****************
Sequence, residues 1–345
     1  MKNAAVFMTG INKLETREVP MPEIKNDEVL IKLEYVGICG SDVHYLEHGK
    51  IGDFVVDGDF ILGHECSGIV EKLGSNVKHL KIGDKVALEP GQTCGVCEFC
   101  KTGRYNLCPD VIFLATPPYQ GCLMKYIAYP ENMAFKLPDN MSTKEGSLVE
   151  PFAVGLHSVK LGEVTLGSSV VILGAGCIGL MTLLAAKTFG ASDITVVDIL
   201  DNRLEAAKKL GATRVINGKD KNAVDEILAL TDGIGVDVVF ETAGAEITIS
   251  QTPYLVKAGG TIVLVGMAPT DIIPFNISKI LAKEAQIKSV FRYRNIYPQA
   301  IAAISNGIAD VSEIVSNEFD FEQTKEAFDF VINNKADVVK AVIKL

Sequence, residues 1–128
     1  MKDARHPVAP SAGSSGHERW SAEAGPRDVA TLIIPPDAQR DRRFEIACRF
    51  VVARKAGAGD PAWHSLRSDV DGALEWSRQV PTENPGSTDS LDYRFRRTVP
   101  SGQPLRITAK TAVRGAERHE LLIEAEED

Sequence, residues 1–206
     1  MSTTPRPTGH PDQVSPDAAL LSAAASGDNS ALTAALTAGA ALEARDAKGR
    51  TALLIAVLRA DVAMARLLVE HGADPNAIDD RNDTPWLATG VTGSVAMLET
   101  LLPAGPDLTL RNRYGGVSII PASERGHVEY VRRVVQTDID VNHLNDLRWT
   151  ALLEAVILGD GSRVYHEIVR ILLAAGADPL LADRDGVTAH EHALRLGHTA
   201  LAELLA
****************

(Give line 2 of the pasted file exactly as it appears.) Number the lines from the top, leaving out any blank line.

     1  MKNAAVFMTG INKLETREVP MPEIKNDEVL IKLEYVGICG SDVHYLEHGK